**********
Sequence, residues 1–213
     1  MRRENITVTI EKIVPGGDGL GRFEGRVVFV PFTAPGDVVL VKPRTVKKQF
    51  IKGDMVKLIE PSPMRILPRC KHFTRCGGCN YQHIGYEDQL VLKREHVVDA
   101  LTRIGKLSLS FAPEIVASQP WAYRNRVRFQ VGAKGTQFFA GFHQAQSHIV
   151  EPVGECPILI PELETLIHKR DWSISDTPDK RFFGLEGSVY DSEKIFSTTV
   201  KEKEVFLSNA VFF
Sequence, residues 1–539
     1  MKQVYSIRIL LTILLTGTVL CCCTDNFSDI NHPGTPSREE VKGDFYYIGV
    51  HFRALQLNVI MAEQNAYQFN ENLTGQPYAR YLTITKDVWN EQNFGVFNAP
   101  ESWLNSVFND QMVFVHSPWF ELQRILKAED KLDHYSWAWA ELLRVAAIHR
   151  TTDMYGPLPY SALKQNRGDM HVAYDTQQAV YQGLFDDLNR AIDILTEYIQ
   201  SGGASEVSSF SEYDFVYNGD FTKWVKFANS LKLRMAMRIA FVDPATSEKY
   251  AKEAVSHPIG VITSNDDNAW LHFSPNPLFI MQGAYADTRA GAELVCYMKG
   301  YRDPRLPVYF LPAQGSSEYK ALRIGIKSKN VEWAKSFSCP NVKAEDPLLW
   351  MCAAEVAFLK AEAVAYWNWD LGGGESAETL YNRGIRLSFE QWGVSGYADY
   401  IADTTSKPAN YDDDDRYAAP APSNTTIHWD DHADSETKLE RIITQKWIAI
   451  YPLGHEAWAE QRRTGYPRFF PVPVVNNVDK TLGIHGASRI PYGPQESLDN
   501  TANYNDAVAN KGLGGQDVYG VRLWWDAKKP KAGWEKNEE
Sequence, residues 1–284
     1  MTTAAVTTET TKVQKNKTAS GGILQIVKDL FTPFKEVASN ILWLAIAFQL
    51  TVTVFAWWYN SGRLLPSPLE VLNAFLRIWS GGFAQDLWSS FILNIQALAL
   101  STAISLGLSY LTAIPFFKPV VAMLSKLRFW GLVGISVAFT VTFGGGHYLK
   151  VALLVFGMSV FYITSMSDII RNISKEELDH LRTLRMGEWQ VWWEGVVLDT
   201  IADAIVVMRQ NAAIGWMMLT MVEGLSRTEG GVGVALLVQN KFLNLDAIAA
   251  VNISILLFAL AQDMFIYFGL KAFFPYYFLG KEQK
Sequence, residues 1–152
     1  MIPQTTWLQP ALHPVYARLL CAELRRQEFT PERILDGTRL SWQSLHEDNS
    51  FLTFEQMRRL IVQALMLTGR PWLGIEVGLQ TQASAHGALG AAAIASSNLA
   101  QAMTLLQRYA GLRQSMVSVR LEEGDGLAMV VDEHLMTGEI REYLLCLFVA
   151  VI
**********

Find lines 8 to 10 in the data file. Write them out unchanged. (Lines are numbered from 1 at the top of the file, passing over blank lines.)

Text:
     1  MKQVYSIRIL LTILLTGTVL CCCTDNFSDI NHPGTPSREE VKGDFYYIGV
    51  HFRALQLNVI MAEQNAYQFN ENLTGQPYAR YLTITKDVWN EQNFGVFNAP
   101  ESWLNSVFND QMVFVHSPWF ELQRILKAED KLDHYSWAWA ELLRVAAIHR